as was well said in a particular piece of literature:

I must not fear.
Fear is the mind-killer.
Fear is the little-death that brings total obliteration.
I will face my fear.
I will permit it to pass over me and through me.
And when it has gone past I will turn the inner eye to see its path.
Where the fear has gone there will be nothing.
Only I will remain.

MDSection12
04-11-2013, 13:02
Getting over the weird feelings that can come over you on a solo has been very liberating for me. Usually around dusk I get this 'oh crap, it's just me out here and it's about to be dark' feeling... But lately that's turned into a 'how lucky am I? This whole area will be mine tonight!' feeling.

moose717
04-11-2013, 13:10
I used to be afraid of bugs ... any kind of bug ... from an ant to a spider. Not anymore though. While I don't like them, I can live with them and just brush them off if they land on me. I am afraid of hiking alone (not so much hiking alone, but sleeping alone in the middle of the woods). Not because of animals or the dark (I'm afraid of the dark at home and still have to sleep with a hall light on!), but I am concerned about other people on the trail. As my kids like to say, I'll talk to EVERYONE. I don't know if I will ever really recognize, by intuition or the hair raising on my neck, if someone is a danger to me. I guess you could say I'm not really afraid of people on the trail, I'm concerned about my ability to determine if someone is not so good.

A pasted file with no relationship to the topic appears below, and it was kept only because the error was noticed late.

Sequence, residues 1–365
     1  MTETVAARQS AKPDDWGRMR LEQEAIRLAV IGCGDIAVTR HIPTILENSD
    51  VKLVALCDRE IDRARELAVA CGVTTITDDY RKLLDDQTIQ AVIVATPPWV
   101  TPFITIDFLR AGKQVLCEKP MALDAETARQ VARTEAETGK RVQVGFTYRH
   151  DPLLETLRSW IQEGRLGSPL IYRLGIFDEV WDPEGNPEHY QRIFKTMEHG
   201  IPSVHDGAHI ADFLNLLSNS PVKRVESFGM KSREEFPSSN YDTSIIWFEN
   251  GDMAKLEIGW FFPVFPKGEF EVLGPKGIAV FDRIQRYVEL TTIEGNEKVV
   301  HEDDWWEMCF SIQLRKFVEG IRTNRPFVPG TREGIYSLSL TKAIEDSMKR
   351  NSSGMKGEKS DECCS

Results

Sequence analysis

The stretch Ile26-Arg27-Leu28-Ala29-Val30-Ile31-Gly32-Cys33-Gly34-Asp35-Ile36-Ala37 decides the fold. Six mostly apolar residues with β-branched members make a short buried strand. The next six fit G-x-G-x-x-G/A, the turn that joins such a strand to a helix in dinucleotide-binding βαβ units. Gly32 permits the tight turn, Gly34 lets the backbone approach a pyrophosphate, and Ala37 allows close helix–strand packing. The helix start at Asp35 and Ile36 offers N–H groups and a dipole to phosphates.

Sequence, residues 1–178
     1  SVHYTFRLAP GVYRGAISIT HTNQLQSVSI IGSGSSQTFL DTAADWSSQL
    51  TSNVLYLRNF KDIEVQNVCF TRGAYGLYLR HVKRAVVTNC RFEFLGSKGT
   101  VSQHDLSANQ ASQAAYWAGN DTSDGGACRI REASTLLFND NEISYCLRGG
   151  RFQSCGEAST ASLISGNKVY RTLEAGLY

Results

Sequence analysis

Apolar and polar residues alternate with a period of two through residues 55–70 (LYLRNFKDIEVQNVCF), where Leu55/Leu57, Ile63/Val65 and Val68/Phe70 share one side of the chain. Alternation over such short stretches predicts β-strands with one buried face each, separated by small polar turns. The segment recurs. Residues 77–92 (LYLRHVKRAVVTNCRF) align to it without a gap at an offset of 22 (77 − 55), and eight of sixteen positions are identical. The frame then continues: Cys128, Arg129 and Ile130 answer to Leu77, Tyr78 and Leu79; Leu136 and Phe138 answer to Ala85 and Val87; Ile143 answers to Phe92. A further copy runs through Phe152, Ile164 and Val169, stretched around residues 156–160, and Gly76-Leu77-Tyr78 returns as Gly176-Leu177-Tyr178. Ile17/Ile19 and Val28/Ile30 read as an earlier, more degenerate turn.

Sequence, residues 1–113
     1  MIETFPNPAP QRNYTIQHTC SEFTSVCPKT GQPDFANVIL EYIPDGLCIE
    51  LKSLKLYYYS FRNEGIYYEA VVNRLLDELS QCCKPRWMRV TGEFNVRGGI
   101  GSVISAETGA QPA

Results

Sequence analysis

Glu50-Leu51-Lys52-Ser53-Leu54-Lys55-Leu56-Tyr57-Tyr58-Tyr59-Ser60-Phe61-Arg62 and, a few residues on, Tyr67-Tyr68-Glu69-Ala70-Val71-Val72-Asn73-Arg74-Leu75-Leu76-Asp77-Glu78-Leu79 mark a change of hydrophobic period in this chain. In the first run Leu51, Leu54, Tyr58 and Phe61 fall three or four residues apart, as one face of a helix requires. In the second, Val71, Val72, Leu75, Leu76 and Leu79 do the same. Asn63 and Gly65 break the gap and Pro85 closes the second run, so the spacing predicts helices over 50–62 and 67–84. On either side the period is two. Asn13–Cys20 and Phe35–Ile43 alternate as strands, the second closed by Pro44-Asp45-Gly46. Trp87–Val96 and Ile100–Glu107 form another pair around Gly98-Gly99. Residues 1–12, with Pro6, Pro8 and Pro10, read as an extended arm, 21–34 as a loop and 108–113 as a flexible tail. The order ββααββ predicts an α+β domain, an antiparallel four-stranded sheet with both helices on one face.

Malto
04-11-2013, 16:19
This is what we should fear! Think about this in Maine!

http://news.sky.com/story/1076746/beaver-bites-man-to-death-in-belarus-attack

Spirit Bear
04-11-2013, 17:41
This is what we should fear! Think about this in Maine!

http://news.sky.com/story/1076746/beaver-bites-man-to-death-in-belarus-attack

:banana
LOL

moldy
04-11-2013, 19:54
Alone in a remote shelter on a dark and stormy night and ......in walks "Lone Wolf"....my biggest fear

jingle jangle
04-11-2013, 20:04
fear of boredom

Tuckahoe